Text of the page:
intellectual property


intellectual property

The term “intellectual property” carries a bias that is not hard to see: it suggests thinking about copyright, patents and trademarks by analogy with property rights for physical objects. There is no such unified thing as “intellectual property” – it is a mirage. The term is at best a catch-all to lump together disparate laws. Non-lawyers who hear one term applied to these various laws tend to assume they are based on a common principle, and function similarly. Nothing could be further from the case. These laws originated separately, evolved differently, cover different activities, have different rules, and raise different public policy issues. If you want to think clearly about the issues raised by patents, or copyrights, or trademarks, the first step is to forget the idea of lumping them together, and treat them as separate topics. The second step is to reject the narrow perspectives and simplistic picture the term “intellectual property” suggests. Consider each of these issues separately, in its fullness, and you have a chance of considering them well.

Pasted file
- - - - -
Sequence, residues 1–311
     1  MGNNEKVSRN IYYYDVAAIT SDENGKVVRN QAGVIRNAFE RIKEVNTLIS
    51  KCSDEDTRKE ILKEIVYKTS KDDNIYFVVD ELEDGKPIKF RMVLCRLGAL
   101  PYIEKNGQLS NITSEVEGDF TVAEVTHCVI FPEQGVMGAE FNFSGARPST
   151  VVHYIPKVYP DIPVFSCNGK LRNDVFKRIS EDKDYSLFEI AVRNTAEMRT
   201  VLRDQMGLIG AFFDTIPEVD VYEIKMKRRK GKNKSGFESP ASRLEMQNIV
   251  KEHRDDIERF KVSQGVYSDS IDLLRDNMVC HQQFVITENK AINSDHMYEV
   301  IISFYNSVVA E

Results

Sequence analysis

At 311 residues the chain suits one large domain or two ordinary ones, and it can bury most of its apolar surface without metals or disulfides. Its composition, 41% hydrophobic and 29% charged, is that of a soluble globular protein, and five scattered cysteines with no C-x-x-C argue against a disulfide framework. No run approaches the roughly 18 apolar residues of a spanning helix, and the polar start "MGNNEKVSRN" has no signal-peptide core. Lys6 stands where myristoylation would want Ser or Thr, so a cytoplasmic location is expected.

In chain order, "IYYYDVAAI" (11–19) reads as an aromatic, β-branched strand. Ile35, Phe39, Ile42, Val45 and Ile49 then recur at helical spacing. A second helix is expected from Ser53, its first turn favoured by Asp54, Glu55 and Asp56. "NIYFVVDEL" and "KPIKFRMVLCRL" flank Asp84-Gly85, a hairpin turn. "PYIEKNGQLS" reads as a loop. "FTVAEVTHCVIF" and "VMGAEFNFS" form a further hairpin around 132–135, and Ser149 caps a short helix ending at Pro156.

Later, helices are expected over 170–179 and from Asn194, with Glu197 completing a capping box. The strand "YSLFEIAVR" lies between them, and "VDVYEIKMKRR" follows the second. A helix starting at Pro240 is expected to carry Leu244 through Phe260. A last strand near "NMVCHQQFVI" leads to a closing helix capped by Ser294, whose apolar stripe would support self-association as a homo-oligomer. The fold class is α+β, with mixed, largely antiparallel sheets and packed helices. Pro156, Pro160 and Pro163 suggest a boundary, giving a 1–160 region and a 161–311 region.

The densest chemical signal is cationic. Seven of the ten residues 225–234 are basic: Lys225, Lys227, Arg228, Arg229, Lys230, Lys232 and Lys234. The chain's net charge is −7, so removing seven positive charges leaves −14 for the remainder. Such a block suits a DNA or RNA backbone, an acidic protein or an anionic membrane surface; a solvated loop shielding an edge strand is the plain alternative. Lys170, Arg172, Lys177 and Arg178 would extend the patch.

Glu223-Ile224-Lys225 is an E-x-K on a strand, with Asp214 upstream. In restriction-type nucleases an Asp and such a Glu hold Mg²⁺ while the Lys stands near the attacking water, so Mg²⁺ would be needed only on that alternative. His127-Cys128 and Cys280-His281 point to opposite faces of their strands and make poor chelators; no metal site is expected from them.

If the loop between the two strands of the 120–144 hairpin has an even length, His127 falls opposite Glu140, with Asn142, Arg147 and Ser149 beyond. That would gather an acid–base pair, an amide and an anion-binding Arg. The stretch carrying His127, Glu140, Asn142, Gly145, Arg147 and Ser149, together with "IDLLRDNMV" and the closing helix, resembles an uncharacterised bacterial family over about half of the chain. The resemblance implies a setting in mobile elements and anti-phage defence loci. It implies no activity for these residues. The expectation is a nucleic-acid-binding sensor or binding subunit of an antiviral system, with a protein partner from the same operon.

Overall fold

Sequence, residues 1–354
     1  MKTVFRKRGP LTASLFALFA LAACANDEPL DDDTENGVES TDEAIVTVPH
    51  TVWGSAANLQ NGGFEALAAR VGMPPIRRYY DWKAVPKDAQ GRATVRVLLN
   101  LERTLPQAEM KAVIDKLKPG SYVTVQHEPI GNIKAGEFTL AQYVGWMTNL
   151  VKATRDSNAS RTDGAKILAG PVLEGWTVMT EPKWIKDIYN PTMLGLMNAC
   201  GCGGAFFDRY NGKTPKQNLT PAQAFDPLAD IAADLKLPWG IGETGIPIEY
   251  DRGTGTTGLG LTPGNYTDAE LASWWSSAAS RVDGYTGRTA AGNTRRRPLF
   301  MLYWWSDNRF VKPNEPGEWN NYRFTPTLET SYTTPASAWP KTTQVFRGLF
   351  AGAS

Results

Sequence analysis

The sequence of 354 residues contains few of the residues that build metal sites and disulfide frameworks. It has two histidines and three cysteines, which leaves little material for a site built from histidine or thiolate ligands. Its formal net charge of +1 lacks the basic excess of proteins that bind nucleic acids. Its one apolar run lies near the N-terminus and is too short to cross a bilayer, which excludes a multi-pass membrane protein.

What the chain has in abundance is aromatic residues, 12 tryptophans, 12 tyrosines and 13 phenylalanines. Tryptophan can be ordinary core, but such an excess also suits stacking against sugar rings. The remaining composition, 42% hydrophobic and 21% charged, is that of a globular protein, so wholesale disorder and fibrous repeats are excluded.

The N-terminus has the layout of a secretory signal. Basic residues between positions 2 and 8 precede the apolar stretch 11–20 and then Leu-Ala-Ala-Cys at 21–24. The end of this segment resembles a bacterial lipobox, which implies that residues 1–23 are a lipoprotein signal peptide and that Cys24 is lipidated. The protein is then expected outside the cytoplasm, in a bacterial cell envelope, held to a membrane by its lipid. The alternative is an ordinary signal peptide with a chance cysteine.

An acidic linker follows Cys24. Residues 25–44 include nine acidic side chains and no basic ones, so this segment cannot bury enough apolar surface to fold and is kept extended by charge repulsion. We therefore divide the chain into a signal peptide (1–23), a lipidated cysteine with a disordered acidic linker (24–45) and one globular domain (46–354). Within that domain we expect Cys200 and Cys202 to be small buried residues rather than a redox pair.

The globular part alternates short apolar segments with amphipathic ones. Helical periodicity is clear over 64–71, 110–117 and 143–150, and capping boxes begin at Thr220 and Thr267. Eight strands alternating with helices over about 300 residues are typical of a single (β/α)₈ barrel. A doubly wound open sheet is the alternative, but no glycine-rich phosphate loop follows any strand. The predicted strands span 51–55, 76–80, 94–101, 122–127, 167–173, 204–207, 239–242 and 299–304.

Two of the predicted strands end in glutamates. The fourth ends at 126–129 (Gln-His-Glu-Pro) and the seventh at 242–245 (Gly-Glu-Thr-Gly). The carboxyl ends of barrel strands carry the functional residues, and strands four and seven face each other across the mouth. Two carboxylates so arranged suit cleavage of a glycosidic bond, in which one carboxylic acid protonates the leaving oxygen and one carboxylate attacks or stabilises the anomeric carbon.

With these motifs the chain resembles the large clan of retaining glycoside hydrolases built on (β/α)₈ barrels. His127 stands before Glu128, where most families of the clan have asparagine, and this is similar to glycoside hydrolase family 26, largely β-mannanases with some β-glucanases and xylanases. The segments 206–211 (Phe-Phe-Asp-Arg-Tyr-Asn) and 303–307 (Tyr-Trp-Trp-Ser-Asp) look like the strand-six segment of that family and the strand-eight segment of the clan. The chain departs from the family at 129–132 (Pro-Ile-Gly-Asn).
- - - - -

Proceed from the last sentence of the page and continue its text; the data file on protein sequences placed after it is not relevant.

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Source: “Did You Say “Intellectual Property”? It’s a Seductive Mirage” by Richard Stallman

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